One jailed but seven escape after failed gold bullion raid in Wolverhampton

A member of an eight-strong gang who unsuccessfully tried to burgle a gold bullion store near Wolverhampton has been locked up.

A stock photo of gold bullion
A stock photo of gold bullion

The Manchester-based gang of Romanians struck at the secret works near Stafford Road during the early hours of October 23 last year, a judge heard.

CCTV recorded the intruders, most of whom had their faces covered, gaining access to the site through grounds at the rear of the premises and making an initial assessment of the challenge they faced, Wolverhampton Crown Court was told.

They left the area but returned with a large stone cutter which they used to remove beading from the aluminium surrounds of window and took out the glass, explained Mr Gary Cook, prosecuting.

The gang then made a hole in the shutters through which some of the men gained access to the computer room where they forced open a magnetic door that led to a corridor but all the doors to rooms off it were locked and could not be prised open, continued the prosecutor.

So the burglars returned to the computer room which they ransacked with an untidy search but found nothing of value. Only a CD and a piece of paper were thought to be missing when the break-in was discovered.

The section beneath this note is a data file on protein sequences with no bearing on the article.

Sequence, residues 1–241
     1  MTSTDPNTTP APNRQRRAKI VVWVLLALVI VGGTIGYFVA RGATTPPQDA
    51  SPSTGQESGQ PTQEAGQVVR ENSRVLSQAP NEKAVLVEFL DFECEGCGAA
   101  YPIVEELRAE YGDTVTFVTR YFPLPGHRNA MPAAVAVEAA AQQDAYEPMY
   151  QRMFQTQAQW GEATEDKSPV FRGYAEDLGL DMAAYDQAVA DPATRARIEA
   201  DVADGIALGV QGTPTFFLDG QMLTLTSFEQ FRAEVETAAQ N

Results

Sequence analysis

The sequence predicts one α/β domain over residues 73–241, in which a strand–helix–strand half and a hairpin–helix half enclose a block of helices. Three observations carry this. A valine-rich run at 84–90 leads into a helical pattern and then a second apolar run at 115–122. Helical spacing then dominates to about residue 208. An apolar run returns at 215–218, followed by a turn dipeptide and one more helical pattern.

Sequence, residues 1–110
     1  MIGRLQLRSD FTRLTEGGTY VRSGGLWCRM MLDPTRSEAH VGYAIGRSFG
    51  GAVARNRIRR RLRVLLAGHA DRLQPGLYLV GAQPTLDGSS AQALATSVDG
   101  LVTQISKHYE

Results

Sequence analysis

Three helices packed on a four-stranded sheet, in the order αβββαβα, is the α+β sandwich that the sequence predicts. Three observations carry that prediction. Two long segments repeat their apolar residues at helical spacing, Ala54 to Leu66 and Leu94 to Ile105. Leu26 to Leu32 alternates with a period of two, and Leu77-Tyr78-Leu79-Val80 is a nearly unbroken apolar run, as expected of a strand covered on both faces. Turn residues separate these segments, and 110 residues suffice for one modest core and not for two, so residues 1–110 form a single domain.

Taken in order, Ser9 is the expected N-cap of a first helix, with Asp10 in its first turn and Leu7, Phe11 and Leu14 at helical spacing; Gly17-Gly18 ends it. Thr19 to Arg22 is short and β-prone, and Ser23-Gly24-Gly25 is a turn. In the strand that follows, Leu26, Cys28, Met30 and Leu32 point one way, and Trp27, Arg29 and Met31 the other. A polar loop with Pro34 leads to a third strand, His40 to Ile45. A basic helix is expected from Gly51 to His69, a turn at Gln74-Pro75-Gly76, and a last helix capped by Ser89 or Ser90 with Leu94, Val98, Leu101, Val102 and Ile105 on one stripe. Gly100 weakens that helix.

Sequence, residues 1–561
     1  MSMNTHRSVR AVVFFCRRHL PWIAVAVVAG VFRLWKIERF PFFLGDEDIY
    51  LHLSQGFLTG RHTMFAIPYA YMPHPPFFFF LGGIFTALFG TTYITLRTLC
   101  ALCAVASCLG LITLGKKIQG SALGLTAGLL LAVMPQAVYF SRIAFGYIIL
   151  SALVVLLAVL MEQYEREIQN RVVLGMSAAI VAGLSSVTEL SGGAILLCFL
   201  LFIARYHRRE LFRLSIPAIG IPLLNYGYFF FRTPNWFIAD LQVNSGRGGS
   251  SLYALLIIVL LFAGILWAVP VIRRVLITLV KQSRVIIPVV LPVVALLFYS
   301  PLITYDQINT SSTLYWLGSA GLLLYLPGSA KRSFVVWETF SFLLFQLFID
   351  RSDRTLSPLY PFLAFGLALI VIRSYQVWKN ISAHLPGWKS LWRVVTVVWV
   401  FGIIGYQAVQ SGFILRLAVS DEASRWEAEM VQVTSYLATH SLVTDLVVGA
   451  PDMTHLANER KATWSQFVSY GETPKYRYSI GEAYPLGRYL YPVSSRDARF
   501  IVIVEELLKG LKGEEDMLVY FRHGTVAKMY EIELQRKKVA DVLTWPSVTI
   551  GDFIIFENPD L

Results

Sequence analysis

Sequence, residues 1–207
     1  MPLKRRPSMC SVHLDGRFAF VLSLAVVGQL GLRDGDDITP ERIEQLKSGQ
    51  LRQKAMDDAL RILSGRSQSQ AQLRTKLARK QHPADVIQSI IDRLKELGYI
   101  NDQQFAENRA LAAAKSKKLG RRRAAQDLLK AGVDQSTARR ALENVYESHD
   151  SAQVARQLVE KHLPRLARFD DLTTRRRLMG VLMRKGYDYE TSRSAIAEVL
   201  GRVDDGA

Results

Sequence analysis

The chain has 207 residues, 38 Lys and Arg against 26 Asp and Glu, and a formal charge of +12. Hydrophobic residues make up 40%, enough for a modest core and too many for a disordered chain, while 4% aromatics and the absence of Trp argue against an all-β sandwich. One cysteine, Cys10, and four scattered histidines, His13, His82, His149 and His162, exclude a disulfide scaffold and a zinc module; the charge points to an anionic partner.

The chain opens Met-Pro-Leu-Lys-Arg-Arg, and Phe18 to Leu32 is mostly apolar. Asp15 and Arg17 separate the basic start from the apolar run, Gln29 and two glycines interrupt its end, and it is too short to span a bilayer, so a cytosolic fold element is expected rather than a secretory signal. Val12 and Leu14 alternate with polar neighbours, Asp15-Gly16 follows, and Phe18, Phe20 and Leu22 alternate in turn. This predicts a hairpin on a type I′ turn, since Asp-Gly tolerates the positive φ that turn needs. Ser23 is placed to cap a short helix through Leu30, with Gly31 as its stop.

They were at the address for two hours before the alarm was activated, sending them fleeing from the grounds at around 4am.

The court was told that the targeted building housed "high value gold bullion-type stock."

Blood was found one of the gang cut himself on a broken shutter and forensic examination discovered it belonged to Gabriel Safta, who was not traced until almost a year later on October 10.

He told police that he became involved in the plot to pay off a debt and was remanded on conditional bail but did not surrender to it when he should have.

The runaway was later intercepted at Dover Docks as he tried to leave the country.

Mr Lee Masters, defending, said: "He had headed there in panic. When we talked about it he became very emotional over the consequences for his partner and mother.

"He had found a job and had paid off the debt that got him involved in the crime with the money he earned but he now has the threat of deportation handing over him after the Home Office spoke to him."

Safta, of Norman Road, Fallowfield, Manchester, had a previous conviction for burglary and admitted entering the premises, which are not being identified for security reasons.

He was sent to prison for 16 months by Judge James Burbidge QC who told him: "If this burglary had been successful the spoils would have been great. The building contained high value goods like gold bullion."

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